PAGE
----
I feel very fortunate to have been a Jean Monnet Fellow. For me, as someone whose primary interest is research, this fellowship afforded ample opportunities to pursue my own research projects and also provided me with a wonderful set of colleagues who gave valuable feedback and intellectual stimulation. I enjoyed the interaction and collaboration with the other fellows and faculty in the Robert Schuman Centre and also with the SPS department. The experience prepared me for further endeavors in academia and offered me the opportunity to enjoy beautiful Tuscan living.
Autumn Lockwood Payton, Jean Monnet Fellow 2010-2011 (Research Fellow Wissenschaftszentrum Berlin für Sozialforschung)
Don't apply for a Jean Monnet Fellowship! It’s a trap set up by the European University Institute! They’ll invite you to spend a year in warm and sunny Florence, surrounded by inspiring people in a gorgeous location with amazing food and the best work conditions that the academic world is able to offer. Only, they forget to tell you that once your year is up and you need to leave, you don’t wanna go.
Jacob Weisdorf, Jean Monnet Fellow 2010-2011 (Associate Professor, University of Copenhagen)
The Jean Monnet Fellowship at the Robert Schuman Centre for Advanced Studies was one of the most enriching professional and personal experiences in my life. It gave me the possibility to develop my own research agenda and to engage with international scholarly communities. It not only enabled me to significantly upgrade my methodological and academic know how, but it also gave me the opportunity to interact with wonderful people (co-fellows and researchers) with whom I hope to maintain lifelong friendships. This experience will be indelibly ingrained in my memory.
Tamirace Fakhoury, Jean Monnet Fellow 2010-2011 (Assistant-Professor Lebanese American University)
Being Jean Monnet Fellow at the European University Institute has been a great experience. For me, as an economist, working there provided great opportunities to meet many academics as well as practitioners through the different workshops and seminars. Moreover, the interdisciplinarity of the Jean Monnet program offers a unique chance to exchange ideas and discuss with researchers with different backgrounds. Finally, the institute is located in a beautiful setting which gives me great inspiration to undertake my projects.
Joeffrey Drouard, Jean Monnet Fellow 2010-2011 (Assistant Professor, University of Rennes)
The Jean Monnet Fellowship contributed in most different ways to my academic life. First of all, it offered me very precious time for my own research and, thus, a unique opportunity to substantially advance in my academic work. With an excellent mixture of time for focused reflection on my research and time for creative distraction through conferences, workshops and seminars it, furthermore, provided an ideal frame for most interesting and inspiring exchange with colleagues from various disciplines and from all around the world. By doing so, it contributed to a further widening of academic perspective beyond my field of specialisation and to an awareness-raising to new thematic horizons, understandings and interlinkages. As a result, a plethora of new ideas emerged from a year full of new insights and inspirations to enrich my further academic work.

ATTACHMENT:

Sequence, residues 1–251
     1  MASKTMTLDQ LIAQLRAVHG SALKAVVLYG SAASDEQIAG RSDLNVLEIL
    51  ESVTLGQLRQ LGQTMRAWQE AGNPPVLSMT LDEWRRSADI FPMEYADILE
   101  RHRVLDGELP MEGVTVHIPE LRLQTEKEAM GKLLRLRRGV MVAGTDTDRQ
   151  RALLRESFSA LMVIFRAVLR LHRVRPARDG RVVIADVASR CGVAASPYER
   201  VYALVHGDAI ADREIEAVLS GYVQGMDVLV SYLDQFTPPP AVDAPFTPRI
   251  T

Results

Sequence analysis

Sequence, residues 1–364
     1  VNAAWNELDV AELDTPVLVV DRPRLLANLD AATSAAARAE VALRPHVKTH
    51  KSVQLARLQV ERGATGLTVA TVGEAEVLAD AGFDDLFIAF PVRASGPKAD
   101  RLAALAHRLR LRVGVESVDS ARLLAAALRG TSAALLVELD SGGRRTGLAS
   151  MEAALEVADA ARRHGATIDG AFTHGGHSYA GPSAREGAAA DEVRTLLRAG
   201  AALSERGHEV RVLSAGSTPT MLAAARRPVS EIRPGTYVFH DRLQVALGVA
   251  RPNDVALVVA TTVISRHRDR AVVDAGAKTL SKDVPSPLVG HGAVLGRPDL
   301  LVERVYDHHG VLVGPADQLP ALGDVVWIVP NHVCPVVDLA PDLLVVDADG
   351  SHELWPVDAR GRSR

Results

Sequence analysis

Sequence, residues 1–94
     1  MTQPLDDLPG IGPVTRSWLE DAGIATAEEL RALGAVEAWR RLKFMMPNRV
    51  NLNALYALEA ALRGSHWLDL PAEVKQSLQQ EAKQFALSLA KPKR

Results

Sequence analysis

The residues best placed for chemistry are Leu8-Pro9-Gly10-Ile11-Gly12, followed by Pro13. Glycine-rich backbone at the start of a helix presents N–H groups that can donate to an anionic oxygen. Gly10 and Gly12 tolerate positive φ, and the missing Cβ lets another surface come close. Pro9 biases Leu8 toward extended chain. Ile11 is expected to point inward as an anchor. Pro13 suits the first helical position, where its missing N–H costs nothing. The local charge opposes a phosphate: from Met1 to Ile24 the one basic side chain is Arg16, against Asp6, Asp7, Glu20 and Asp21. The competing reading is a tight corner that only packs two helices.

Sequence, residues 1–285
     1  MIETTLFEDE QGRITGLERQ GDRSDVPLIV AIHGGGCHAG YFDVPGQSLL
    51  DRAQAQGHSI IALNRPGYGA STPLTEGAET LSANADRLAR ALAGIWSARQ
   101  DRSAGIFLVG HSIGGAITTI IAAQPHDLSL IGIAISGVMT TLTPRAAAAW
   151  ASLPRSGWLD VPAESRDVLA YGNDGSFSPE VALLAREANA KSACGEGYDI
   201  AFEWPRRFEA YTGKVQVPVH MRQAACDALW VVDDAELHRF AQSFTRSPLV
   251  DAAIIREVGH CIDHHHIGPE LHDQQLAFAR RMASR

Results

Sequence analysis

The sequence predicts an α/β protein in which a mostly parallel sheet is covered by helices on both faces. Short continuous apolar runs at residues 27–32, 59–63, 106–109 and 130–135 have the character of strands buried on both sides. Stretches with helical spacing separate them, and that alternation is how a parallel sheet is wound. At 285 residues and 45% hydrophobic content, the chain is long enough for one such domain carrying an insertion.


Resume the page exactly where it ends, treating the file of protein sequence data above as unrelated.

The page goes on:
Gaby Umbach, Jean Monnet Fellow 2010-2011 (European University Institute)
It is difficult to summarize a deep and enlightening experience such as the Jean Monnet Fellowship. To me, three aspects are mostly distinctive. First, pursuing your own research in a place such as the European University Institute gives you the possibility of everyday interaction with faculty from world-class departments (as I experienced with the SPS department) in a friendly and easy-going environment. Secondly, the Jean Monnet programme is special in that – being hosted at the Robert Schuman Centre for Advanced Studies – it is explicitly aimed at strong multidisciplinarity: as a political scientist, I regularly interacted with historians, sociologists, economists, lawyers, anthropologists. Something that is incredibly helpful in learning how to put the technicalities apart and extract the very core of your ideas and results. Thirdly, one year at the EUI gives the sensation of sitting at a world-level crossroads of social science research, providing incredible networking opportunities. Due to an impressive array of conferences, workshops and debates, scholars from the whole world come and go every week at the European University Institute: from senior professors to young, brilliant postdoctoral researchers, not to mention the determined and skilled graduate students from the European University Institute graduate programme. Spacecrafts often use a manoeuvre known as a “gravity assist”: once accurately sent to orbit for a few times around a large planet, they are then able to escape away with their speed multiplied several times. I would say that a Jean Monnet Fellowship would definitely act as such assist for the career of any postdoctoral researcher. And all this, in what is maybe one of the most beautiful places in the world.
Lorenzo De Sio, Jean Monnet Fellow 2010-2011 (Assistant Professor, LUISS Guido Carli, Roma)